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The state’s health and human services agency launched an effort today for what it hopes better helps those dealing with mental health or substance abuse crises.

The “Crisis Solutions Initiative” announced Thursday morning by DHHS Secretary Aldona Wos wants to stem the emergency room visits by those suffering from mental health issues, and instead steer them to community resources. DHHS estimated that there were 150,000 visits to emergency rooms in the state last year for addiction-related issues or psychiatric conditions.

“With today’s announcement, we begin a focused, long-term effort to ensure that individuals and families who are experiencing a mental health or substance abuse crisis know where to turn for the help they need,” Wos said in a written statement. “In turn, we can begin to reduce the tremendous burden that these issues place on hospital emergency departments and law enforcement.”

The initiative is in the planning stages, according to a DHHS news release.

From the news release:

As a part of this initiative, a Crisis Solutions Coalition will be created to address the inefficiencies that currently exist surrounding crisis services in the state. Secretary Wos has charged Dave Richard, director of the DHHS Division of Mental Health, Developmental Disability and Substance Abuse Services, with leading this coalition. Patient advocates, along with leaders from healthcare, government, and law enforcement communities will be invited to join the coalition to help:

  • Recommend and establish community partnerships to strengthen the continuum of care for mental health and substance abuse services.
  • Promote education and awareness of alternative community resources to the use of emergency departments.
  • Make recommendations related to data sharing to help identify who, when and where people in crisis are served, and what the results of those services are.
  • Create a repository of evidence-based practices and provide technical assistance to Local Management Entities/Managed Care Organizations (LME/MCOs), law enforcement and providers on how to respond to crisis scenarios.
  • Recommend legislative, policy and funding changes to help break down barriers associated with accessing care.
  • Assist with the creation of LME-MCO Local Business Plans to provide a road map for mental health investments in the community.

 

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One of the most frustrating parts of the General Assembly’s ongoing move to renege on the Dix Park deal has been the out-of-the-blue concern that has materialized from conservatives for persons with mental illness. After working for years to underfund and privatize essential services (often, admittedly, in tandem with shortsighted Democrats), all of a sudden, these folks are desperate to sell off Dix for condos to get money to fund services for persons in need.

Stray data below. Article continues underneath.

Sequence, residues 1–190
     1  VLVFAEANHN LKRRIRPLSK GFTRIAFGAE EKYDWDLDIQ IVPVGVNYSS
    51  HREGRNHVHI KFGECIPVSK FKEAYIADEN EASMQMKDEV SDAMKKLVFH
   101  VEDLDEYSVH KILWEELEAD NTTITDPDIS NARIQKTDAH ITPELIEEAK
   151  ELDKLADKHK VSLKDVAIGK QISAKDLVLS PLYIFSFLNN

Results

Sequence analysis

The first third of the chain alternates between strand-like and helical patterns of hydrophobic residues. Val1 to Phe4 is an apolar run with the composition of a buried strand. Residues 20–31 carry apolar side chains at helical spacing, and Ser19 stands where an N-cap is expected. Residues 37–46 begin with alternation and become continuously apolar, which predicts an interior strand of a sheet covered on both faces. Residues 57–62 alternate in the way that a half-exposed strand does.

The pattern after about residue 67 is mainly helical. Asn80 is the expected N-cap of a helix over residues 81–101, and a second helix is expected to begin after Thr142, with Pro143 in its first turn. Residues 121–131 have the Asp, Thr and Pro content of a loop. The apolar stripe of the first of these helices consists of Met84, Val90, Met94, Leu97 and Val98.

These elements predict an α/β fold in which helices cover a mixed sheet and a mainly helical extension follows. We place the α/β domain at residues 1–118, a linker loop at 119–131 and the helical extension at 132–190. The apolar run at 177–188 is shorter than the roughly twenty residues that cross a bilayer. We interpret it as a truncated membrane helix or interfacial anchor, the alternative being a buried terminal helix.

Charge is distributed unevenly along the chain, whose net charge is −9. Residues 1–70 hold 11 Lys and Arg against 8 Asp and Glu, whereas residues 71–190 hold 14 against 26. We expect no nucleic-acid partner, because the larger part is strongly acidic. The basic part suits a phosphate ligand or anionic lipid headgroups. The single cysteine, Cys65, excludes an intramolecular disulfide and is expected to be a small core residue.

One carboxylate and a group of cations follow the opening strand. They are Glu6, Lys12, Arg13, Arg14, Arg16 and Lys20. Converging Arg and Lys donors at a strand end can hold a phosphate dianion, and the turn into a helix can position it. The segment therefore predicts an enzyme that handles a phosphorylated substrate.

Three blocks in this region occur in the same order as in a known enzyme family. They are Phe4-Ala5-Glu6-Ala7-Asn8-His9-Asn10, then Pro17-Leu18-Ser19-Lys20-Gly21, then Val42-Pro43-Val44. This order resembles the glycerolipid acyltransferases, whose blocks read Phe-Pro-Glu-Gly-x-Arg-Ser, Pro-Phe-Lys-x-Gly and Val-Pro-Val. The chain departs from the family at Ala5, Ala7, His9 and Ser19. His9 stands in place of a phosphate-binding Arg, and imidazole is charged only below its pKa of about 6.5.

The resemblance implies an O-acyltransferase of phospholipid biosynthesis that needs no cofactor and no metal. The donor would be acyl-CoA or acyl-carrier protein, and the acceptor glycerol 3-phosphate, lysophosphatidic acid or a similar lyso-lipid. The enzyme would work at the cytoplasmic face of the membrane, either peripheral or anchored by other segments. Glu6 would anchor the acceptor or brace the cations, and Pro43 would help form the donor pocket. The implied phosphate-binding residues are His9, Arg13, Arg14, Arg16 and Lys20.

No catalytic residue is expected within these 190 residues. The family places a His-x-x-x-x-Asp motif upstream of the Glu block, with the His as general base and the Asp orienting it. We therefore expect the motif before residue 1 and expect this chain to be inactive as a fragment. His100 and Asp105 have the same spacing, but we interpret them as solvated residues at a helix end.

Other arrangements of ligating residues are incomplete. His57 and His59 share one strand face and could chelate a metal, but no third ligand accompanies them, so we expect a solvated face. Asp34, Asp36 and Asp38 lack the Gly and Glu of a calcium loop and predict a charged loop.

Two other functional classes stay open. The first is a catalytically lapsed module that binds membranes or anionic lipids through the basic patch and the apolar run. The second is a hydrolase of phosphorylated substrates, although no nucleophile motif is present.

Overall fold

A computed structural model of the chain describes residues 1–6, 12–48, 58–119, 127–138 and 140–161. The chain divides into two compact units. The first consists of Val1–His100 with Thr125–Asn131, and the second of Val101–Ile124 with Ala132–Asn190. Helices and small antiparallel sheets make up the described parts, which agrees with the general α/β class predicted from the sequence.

Conservative State Rep. Jim Fulghum of Raleigh wrote a letter to Raleigh’s News & Observer over the weekend, however, protesting that he was no Johnny-come-lately to the cause of helping people with mental illness and that he both supported the Dix park and somehow restructuring the lease to help persons with mental illness. Let’s hope he’s sincere.

The problem, of course, is that even sincerity of this kind isn’t gonna’ solve the state’s mental health challenge. As veteran lobbyist Paula Wolf noted in a “letter” to Fulghum on her “Paulatics” blog yesterday, Read More

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In case you missed it yesterday, the Charlotte Observer had a good editorial that offered: a) tempered praise for the McCrory administration’s plan to ditch the pink stripes on licenses for immigrants, and b) a big thumbs down on a legislative proposal to make it easier for people with mental health issues to obtain handguns.

Read the entire editorial by clicking here.

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An editorial in Raleigh’s News & Observer gets it right in calling on Governor-elect McCrory and state legislative leaders to wake up and smell the coffee when it comes to the state’s failing mental health system.

“Pat McCrory, the incoming governor and a Republican, sounds the right note when he says, ‘Frankly, we have a broken mental health system in our nation and in our state. We’ve got to do some serious work to close those deficiencies.’ He’s right. Now the challenge for McCrory is to push his GOP majorities in the state House and Senate, where the inclination is to cut budgets in all directions, to invest in better mental health care, with something of a focus on that young adult group….

The new governor and the General Assembly need to face the funding shortage that lawmakers helped create and recognize that a state without adequate care for the mentally ill hurts patients and the state itself. Read More